GOD: No. What do they do to protect the shrub and tree roots in the winter and to keep the soil moist and loose?

ST. FRANCIS: After throwing away the leaves, they go out and buy something which they call mulch. They haul it home and spread it around in place of the leaves.

GOD: And where do they get this mulch?

ST. FRANCIS: They cut down trees and grind them up to make the mulch.

GOD: Enough. I don't want to think about this anymore. St. Catherine, you're in charge of the arts. What movie have they scheduled for us tonight?"

ST. CATHERINE: "Dumb and Dumber", Lord. It's a really stupid movie about.....

GOD: Never mind, I think I just heard the whole story from St. Francis.

July 15, 2007

rinse and repeat and repeat and repeat

I've had that chorus stuck in my head for a few days now. It keeps going round and round. I leave it, dance a few steps but fall right back into the same old rhythm. Other times I leave it, sing a few notes, make up some words, learn a new rhyme, and then fall right back into the familiar chorus.

Accepting the repetitive nature of life has never been easy for me. At age 16 I felt like I was making a huge commitment by getting bracing. The thought of wearing something in my mouth for 3 years straight was overwhelming. It never even occurred to me to find a chorus I liked and could return to regularly for 80 years.

I knew learning to dance would be enlightening - but I thought it would be more about communicating with others - it never occurred to me that I would find an analogy for how to balance my love of exploring and learning new things with my need for a solid steady foundation.


July 13, 2007

dancing for two

Last night I went swing dancing for the first time. I love to dance - by myself. I get into the music and it speaks to me and I move and have a great time. I forget about the external universe, I forget about other people (except to avoid bumping into them) and just sink into a world of movement and music.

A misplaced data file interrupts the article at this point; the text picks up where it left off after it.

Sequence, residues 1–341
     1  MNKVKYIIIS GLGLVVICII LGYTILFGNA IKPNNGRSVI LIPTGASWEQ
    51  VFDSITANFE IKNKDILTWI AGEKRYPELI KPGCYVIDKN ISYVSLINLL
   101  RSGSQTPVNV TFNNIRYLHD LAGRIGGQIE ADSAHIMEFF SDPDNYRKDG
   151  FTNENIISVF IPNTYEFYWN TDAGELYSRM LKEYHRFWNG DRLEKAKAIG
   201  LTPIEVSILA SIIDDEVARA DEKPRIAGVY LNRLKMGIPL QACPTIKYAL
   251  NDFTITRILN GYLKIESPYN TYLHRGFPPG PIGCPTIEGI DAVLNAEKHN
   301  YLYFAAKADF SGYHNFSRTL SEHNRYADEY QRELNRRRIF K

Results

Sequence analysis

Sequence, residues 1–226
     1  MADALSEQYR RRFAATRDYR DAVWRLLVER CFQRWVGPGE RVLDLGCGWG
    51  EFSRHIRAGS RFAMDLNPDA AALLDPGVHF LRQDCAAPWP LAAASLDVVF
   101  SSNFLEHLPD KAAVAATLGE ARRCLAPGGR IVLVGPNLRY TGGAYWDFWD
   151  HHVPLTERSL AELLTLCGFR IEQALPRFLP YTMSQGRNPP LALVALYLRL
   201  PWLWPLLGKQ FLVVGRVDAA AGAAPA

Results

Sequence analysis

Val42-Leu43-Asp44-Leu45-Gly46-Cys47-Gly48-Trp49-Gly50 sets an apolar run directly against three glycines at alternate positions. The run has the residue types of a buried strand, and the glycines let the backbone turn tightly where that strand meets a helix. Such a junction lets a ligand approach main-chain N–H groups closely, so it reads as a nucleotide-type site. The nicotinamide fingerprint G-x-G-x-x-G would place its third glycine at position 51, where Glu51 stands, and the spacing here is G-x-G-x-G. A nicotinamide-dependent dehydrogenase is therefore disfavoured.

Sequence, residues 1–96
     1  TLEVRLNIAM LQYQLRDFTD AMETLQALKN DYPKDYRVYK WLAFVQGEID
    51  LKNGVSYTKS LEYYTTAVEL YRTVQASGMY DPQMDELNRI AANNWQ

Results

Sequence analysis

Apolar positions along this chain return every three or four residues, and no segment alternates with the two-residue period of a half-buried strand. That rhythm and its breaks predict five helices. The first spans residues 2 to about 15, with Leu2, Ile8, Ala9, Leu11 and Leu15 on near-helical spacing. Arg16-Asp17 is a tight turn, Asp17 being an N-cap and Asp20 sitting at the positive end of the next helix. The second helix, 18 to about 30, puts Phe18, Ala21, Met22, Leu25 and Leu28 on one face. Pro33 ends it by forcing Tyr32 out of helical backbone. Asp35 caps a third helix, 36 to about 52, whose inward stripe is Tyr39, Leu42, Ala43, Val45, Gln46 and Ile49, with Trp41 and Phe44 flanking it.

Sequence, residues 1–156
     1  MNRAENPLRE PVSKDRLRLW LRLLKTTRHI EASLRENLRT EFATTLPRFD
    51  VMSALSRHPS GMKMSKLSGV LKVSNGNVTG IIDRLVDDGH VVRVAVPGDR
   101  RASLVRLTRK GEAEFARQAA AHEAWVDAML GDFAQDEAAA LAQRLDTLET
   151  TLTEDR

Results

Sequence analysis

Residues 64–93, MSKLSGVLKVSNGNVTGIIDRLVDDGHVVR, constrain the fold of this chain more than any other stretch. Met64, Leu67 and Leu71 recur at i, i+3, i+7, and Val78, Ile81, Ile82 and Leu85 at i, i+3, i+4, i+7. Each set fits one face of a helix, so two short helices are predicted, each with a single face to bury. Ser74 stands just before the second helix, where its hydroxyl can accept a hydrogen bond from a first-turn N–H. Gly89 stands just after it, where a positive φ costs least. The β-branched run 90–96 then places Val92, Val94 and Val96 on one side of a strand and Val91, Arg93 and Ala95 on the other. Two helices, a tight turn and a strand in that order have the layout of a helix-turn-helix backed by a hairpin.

However, recently I decided that it is time to learn to dance with other people. Hogging the music to myself is selfish and frankly, I am ready for the challenge of including other people in my fabulous world.

So two weeks I went Cajun Zydeco dancing twice (and loved it - I totally dig that music) and even went Salsa dancing for the practice (I am just not super crazy about that music) and finally went Swing dancing last night.

Dancing was a revelationary - perhaps it was that I finally got the right lesson, the right dance partner, or the right music. Or perhaps it was how enchanting it is to watch other people swing dance and dissect what they are doing. Regardless the way dances fit together awed me as I realized that the dance steps are the chorus in a dance.

To any dancers out there this may seem like "duh" but to me it was an eye-opening concept. This is why I have to learn the steps - not just in my mind but in my feet. No matter what happens, no matter what I do, how I mess up or get distracted, I need to be able to fall back into the rhythm with the music and my dance partner.